Indexed on: 06 Apr '07Published on: 06 Apr '07Published in: NeuroToxicology
Manganese in excess is neurotoxic and causes a CNS disorder that resembles Parkinson's disease (manganism). Manganese highly accumulates in astrocytes, which renders these cells more vulnerable to its toxicity. Consistent with this vulnerability, manganese has been shown to cause histopathological changes in astrocytes (Alzheimer type II change), generates oxidative stress and bring about mitochondrial dysfunction, including the induction of the mitochondrial permeability transition (mPT) in astrocytes. In addition to manganism, increased brain levels of manganese have been found in hepatic encephalopathy, a chronic neurological condition associated with liver dysfunction, wherein Alzheimer type II astrocytic changes are also observed. As low-grade brain edema, possibly secondary to astrocyte swelling, has been reported in hepatic encephalopathy, we hypothesized that manganese may contribute to such edema. We therefore exposed cultured astrocytes to manganese (Mn(3+)) acetate (25 and 50microM) for different time periods and examined for changes in cell volume. Manganese dose-dependently induced astrocyte swelling; such swelling was first observed at 12h (28%), which further increased (54%) at later time points (24-48h). Pretreatment of astrocyte cultures with antioxidants, including vitamin E, the spin trapping agent PBN, and the iron-chelating agent desferroximine, as well as the nitric oxide synthase inhibitor l-NAME, all significantly blocked (50-80%) astrocyte swelling caused by manganese, suggesting that oxidative/nitrosative stress is involved in the mechanism of such swelling. Cyclosporin A, an inhibitor of mPT also blocked (90%) manganese-induced astrocyte swelling. The data indicate that manganese exposure results in astrocyte swelling and such swelling, at least in part, may be caused by oxidative stress and/or mPT. Astrocyte swelling by manganese may represent an important aspect of manganese neurotoxicity, and may be a factor in low-grade brain edema associated with chronic hepatic encephalopathy.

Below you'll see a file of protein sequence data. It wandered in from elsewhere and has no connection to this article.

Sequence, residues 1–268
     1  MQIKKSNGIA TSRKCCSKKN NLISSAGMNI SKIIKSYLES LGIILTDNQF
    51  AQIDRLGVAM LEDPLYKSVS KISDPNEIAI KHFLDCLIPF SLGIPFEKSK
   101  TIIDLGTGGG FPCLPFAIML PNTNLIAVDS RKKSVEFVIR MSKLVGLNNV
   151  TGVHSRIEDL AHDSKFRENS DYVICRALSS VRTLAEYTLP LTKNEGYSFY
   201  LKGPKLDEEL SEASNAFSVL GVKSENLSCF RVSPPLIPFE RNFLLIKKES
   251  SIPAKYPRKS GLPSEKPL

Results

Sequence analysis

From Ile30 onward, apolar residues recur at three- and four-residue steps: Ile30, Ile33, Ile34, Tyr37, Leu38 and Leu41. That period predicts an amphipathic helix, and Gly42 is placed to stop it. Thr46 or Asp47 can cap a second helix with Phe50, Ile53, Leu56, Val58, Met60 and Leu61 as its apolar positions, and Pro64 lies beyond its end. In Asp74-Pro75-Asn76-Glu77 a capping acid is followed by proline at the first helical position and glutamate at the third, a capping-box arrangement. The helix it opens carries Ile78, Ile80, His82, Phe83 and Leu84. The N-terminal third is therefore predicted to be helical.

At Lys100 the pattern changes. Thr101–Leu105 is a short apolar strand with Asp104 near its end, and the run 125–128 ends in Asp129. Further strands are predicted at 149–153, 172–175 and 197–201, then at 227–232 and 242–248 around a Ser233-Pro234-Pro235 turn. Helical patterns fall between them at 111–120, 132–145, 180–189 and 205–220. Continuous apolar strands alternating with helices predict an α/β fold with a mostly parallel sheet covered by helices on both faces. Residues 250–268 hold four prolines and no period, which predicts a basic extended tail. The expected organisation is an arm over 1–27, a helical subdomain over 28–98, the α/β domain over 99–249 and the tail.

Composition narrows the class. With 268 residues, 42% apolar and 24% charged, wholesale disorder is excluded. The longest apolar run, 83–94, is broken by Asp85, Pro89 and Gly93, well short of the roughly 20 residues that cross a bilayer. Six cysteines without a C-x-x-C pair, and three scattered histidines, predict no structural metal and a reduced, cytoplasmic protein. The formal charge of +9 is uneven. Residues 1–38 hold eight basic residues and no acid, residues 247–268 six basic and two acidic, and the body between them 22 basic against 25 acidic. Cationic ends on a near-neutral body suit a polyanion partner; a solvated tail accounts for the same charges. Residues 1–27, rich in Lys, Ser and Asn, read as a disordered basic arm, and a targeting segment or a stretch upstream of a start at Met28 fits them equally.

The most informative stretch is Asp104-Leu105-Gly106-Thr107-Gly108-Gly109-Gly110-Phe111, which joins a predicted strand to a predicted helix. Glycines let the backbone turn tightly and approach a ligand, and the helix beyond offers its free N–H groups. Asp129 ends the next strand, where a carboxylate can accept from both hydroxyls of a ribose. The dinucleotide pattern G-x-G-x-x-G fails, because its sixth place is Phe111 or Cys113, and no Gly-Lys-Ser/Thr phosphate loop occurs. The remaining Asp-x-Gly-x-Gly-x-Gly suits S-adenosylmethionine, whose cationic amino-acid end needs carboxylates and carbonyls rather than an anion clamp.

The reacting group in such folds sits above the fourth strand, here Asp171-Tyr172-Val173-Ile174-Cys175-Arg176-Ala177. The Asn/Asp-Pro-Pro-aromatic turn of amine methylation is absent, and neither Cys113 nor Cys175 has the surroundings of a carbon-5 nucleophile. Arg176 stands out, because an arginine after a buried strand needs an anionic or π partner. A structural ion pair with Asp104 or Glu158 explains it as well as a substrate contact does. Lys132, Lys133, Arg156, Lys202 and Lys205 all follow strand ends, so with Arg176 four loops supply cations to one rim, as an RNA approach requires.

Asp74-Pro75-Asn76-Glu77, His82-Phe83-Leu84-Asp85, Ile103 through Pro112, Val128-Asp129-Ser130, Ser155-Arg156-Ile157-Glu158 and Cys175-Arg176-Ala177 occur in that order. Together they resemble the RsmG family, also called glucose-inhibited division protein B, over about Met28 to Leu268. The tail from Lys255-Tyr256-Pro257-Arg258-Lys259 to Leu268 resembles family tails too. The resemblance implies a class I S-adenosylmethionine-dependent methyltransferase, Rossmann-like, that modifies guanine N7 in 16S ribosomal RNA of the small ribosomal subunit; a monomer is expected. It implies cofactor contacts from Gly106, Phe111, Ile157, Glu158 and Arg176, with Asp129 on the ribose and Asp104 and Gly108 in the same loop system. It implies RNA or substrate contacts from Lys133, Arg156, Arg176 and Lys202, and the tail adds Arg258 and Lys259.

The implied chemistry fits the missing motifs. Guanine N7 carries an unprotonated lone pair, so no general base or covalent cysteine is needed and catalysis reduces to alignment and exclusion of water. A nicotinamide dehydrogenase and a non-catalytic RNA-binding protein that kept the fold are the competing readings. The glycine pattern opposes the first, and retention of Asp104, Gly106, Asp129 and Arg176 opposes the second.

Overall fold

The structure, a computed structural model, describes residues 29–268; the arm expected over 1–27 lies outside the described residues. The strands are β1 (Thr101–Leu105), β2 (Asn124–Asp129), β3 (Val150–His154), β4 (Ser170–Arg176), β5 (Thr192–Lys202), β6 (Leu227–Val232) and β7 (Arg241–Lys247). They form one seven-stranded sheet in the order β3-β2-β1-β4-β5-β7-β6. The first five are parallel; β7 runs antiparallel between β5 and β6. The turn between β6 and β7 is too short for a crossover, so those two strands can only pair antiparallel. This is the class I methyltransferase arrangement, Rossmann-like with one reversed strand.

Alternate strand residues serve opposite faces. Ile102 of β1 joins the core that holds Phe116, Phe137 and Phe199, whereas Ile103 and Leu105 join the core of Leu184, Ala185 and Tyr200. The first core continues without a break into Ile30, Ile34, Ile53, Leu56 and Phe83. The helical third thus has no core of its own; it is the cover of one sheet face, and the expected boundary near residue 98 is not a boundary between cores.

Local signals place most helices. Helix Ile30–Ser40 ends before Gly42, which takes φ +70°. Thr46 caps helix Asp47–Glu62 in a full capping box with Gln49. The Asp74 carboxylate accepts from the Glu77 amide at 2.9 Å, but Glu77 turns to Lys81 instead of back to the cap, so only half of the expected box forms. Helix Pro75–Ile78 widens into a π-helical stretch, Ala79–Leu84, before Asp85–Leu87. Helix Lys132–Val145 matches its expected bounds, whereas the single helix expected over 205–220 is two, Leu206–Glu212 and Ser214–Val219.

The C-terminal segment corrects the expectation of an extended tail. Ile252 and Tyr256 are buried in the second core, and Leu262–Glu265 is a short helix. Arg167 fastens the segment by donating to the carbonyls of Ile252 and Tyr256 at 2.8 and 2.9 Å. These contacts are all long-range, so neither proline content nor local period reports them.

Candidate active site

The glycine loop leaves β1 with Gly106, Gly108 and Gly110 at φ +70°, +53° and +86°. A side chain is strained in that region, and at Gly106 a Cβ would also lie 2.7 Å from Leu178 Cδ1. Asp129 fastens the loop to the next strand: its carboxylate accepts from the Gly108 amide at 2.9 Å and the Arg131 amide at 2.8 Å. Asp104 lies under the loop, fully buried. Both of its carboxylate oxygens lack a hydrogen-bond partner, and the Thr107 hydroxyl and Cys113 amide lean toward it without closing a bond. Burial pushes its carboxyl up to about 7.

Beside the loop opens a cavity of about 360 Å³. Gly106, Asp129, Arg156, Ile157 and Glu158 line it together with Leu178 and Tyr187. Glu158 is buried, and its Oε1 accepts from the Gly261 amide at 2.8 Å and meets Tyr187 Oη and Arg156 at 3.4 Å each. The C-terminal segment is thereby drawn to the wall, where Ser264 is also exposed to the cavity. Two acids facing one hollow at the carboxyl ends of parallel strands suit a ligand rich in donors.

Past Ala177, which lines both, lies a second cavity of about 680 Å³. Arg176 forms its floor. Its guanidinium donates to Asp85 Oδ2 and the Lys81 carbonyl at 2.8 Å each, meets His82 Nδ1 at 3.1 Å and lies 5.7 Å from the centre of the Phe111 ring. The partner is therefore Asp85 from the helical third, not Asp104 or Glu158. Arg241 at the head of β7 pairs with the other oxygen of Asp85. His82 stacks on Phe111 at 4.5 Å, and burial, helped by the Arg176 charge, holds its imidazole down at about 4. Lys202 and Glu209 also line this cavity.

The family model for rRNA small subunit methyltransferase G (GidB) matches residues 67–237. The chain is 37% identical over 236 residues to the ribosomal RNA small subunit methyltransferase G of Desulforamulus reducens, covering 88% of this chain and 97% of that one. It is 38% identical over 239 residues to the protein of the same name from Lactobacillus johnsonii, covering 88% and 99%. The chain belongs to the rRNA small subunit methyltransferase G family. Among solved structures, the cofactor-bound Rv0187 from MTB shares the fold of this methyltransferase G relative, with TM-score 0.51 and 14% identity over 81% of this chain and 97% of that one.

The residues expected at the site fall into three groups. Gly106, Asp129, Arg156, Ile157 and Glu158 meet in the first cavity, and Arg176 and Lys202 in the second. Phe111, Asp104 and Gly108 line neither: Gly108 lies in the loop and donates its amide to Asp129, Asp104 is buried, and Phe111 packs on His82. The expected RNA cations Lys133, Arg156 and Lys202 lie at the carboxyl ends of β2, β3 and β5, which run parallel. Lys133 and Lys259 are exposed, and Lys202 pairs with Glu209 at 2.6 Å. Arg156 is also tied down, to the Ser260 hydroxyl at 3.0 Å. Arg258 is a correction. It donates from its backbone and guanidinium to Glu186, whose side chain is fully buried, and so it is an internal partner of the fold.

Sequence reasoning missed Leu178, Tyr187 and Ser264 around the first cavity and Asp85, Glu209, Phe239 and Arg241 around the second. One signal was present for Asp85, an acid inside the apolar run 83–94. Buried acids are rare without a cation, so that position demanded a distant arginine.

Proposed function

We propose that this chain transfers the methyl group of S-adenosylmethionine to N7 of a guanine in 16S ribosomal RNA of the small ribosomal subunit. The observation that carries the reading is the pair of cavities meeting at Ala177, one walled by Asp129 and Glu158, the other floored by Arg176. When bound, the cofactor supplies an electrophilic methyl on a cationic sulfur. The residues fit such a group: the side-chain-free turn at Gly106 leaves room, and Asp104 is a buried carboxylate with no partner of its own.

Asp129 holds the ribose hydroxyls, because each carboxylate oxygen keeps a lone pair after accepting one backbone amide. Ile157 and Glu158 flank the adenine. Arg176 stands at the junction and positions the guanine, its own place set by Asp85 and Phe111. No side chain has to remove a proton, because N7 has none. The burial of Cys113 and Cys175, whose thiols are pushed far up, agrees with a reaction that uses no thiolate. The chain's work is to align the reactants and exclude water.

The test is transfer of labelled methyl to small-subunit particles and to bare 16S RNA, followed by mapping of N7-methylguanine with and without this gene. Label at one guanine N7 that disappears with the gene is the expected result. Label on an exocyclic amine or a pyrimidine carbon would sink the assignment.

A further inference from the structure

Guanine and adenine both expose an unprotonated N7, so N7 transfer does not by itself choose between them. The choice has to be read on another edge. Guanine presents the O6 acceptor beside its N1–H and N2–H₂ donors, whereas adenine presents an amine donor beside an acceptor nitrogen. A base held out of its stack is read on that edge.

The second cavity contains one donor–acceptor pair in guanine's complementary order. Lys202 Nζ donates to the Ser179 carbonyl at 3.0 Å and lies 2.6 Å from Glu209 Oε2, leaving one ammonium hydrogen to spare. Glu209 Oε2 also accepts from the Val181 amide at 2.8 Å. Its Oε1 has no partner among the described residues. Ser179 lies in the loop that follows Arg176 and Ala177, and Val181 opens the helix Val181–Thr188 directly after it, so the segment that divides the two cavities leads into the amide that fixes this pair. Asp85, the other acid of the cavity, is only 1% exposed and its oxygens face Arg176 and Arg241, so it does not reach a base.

Join Sparrho today to stay on top of science
Discover, organise and share research that matters to you